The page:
Additionally, “Supergirl” has undergone a few big changes on its own merit. For instance, the show introduced Tyler Hoechlin as Superman, and Kara’s sister Alex Danvers came out as gay after a multiple episode arc. What’s more, Mehcad Brooks’ James Olson became a superhero in his own right when he took on the mantle of Guardian.
Major Star Wars Deaths
The year ended on a somber note with the passing of Carrie Fisher, who was best known for her role as Princess Leia in the original “Star Wars” trilogy. The beloved actress was rushed to the hospital Friday, December 23 after suffering a reported “massive heart attack” on an 11-hour flight from London to Los Angeles and died days later on Tuesday, December 27.
The daughter of singer Eddie Fisher and actress Debbie Reynolds, Fisher rose to fame with the release of the classic sci-fi film, but also became well known for her semi-autobiographical novels, including “Postcards from the Edge,” and for her career as one of Hollywood’s top script doctors, polishing screenplays for such films as “Hook,” “Lethal Weapon 3,” “Sister Act,” “Scream 3” and the “Star Wars” prequels.
Fisher’s friends and co-stars — including Mark Hamill, Harrison Ford and George Lucas — have since mourned Fisher’s passing. Fisher’s daughter and rising star Billie Lourd has thanked fans for their support in this trying time.
Her mother and Hollywood legend Debbie Reynolds passed away only a day following Fisher’s death. Reynolds was a prolific actress with a storied Hollywood history. She is perhaps best known for her role as Kathy Selden in “Singin’ in the Rain,” but her past credits also include “Fear and Loathing in Las Vegas,” “In & Out” and “Will and Grace.” She has contributed to many children’s shows and movies, from “Rugrats” to “Kim Possible” to “Charlotte’s Web,” where she voiced the title character. She also appeared as Marnie’s grandmother Aggie Cromwell in the Disney Channel original movies “Halloweentown,” “Halloween Town II” and “Halloweentown High.”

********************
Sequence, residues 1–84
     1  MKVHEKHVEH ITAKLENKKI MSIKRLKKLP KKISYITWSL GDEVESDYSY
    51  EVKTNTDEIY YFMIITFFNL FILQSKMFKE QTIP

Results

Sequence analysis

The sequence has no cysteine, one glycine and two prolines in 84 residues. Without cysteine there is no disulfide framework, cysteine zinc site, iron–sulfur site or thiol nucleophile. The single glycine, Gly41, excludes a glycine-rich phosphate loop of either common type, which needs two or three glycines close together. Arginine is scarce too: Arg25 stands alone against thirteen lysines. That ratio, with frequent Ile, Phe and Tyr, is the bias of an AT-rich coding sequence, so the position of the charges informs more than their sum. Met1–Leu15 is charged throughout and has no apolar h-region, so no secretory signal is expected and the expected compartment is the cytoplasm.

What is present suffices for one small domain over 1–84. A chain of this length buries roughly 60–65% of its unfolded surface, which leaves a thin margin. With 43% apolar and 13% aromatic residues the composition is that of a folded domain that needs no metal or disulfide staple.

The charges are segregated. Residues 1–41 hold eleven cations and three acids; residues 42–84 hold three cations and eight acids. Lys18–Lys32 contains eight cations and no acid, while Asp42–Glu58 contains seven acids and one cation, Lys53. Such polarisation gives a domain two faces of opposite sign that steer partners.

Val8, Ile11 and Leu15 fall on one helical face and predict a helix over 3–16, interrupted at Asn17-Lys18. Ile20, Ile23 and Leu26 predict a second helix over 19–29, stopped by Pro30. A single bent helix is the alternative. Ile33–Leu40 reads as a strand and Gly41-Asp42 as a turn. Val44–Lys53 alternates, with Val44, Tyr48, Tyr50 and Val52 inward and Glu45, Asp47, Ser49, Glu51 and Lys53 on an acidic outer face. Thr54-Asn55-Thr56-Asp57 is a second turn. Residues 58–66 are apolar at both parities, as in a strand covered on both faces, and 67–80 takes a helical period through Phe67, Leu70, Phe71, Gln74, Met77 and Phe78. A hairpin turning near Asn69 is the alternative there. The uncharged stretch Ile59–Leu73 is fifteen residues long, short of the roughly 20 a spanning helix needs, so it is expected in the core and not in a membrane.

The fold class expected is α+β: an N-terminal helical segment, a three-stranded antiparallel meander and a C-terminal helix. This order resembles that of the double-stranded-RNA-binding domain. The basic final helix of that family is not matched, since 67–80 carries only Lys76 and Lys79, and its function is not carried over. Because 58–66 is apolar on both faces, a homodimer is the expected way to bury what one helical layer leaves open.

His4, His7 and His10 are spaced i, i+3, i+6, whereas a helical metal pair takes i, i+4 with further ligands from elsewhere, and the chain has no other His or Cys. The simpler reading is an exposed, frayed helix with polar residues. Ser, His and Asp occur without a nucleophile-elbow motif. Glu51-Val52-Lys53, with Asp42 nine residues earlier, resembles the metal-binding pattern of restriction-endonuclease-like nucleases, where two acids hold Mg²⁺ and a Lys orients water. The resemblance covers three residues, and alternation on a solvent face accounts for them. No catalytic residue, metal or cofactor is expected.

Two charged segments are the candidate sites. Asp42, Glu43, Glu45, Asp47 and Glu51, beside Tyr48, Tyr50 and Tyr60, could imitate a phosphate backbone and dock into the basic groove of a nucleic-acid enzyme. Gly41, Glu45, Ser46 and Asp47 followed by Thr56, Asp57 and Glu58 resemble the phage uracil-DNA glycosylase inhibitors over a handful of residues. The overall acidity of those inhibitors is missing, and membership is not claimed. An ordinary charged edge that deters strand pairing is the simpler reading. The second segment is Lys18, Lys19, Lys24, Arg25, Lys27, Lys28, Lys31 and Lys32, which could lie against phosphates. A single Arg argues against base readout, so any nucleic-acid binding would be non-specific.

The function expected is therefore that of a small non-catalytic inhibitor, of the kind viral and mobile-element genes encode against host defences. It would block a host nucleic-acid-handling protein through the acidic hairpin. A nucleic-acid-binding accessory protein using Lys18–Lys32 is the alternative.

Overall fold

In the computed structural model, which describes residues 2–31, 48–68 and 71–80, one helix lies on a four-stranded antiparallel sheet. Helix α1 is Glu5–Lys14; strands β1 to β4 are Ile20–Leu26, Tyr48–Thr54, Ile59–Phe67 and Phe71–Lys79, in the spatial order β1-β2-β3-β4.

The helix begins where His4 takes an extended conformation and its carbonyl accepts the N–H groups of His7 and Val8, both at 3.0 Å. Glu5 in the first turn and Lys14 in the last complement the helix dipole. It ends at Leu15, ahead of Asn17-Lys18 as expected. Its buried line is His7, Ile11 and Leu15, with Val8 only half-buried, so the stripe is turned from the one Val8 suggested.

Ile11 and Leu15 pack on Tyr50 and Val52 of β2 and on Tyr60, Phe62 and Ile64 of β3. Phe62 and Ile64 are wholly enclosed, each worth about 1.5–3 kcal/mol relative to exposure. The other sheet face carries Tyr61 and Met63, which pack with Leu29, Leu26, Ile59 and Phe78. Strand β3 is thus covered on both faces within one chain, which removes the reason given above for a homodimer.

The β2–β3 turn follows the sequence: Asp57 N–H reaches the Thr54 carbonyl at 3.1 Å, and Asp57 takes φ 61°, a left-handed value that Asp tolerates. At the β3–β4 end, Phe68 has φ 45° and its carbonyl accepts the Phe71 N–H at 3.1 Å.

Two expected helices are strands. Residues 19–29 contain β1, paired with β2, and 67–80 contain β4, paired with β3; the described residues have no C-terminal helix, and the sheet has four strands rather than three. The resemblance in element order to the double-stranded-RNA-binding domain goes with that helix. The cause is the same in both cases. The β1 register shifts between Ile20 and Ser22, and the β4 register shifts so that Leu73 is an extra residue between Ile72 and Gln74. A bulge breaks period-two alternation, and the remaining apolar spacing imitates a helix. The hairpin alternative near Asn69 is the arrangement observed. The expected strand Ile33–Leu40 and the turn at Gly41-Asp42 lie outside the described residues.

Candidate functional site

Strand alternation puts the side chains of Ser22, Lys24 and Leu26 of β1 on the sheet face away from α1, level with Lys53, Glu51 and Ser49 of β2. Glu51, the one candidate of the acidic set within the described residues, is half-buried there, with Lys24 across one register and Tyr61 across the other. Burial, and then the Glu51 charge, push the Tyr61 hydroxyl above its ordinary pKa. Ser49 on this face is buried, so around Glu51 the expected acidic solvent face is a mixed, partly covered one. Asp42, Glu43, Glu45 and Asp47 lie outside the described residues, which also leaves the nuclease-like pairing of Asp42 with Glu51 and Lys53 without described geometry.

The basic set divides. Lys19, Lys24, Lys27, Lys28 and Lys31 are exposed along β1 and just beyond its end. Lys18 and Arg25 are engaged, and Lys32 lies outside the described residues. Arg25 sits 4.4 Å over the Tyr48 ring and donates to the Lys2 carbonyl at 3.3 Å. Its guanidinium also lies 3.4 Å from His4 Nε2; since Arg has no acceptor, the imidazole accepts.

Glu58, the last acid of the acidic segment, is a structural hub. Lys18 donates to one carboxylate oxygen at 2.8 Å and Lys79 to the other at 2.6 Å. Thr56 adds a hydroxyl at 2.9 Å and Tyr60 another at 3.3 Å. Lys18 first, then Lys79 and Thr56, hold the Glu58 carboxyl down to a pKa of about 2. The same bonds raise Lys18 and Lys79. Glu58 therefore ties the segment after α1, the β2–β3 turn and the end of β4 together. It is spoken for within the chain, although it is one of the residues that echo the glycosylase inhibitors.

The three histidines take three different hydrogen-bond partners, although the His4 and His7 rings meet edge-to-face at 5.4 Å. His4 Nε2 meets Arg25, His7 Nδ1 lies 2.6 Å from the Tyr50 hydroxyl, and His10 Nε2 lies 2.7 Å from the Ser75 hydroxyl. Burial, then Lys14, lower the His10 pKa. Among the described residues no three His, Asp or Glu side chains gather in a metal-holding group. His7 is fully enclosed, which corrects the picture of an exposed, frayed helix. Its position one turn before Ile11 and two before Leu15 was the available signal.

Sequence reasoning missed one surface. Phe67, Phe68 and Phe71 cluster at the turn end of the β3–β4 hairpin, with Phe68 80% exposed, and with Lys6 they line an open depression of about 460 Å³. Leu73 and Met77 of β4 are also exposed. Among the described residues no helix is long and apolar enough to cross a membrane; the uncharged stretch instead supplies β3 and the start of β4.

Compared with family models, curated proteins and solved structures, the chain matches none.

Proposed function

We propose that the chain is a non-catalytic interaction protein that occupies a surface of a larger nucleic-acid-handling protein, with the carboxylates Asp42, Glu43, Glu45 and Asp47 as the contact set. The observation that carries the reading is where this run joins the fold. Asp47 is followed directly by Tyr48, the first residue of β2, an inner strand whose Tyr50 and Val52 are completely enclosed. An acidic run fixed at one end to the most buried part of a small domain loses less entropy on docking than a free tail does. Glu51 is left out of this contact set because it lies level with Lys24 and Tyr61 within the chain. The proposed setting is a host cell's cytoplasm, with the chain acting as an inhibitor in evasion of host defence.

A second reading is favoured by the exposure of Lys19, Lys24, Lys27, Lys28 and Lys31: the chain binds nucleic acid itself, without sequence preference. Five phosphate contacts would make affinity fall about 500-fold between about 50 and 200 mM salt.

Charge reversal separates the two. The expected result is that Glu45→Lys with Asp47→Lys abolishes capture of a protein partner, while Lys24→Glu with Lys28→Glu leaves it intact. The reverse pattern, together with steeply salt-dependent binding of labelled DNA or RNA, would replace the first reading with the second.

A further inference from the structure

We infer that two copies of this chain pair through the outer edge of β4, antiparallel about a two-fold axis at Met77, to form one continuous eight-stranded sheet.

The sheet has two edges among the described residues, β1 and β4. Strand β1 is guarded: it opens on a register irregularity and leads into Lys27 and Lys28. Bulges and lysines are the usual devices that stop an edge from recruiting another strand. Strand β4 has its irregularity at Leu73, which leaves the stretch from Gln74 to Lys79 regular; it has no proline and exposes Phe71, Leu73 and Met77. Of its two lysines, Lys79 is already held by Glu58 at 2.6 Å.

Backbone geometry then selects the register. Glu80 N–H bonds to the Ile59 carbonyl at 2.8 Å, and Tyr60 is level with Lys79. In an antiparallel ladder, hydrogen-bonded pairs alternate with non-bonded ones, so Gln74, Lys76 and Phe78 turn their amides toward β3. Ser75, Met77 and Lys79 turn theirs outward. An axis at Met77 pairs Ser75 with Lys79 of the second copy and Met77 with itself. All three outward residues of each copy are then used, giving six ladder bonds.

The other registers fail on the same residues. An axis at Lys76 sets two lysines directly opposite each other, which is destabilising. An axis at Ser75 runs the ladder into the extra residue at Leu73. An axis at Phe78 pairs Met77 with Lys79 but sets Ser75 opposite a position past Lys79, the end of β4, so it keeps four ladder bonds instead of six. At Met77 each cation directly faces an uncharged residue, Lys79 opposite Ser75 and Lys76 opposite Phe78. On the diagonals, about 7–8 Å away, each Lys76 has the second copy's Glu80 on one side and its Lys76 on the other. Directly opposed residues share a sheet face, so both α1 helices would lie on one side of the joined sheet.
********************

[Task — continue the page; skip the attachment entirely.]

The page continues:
Fisher wasn’t the only major “Star Wars” alum to pass away this year. Kenny Baker, the actor who originated the role of the iconic droid R2-D2, died at age 81 after suffering from a long illness. In addition to the original “Star Wars” trilogy, Baker returned to play the beloved droid in the “Star Wars Holiday Special,” “The Empire Strikes Back,” “Return of the Jedi,” and the three prequels. He was credited as “R2 Consultant” on “The Force Awakens.”
The DC Universe is Reborn
The DC Universe has been reborn. While DC’s “Rebirth” is technically not a reboot, it certainly was a shot in the arm for the legendary comic book publisher — in terms of sales as well as story.
Debuting in May, “DC Universe: Rebirth” #1 debuted with critical acclaim and blockbuster sales. According to CBR’s own Greg McElhatton, the issue established “an important path for DC’s line of superhero comics to follow, and it’s one made very clear with a single four letter word: hope.” “DC Universe: Rebirth” #1 saw several reprints and subsequent issues in the publisher’s “Rebirth” line performed 29% better in sales than the previous DCU relaunch (The New 52) did back in 2011.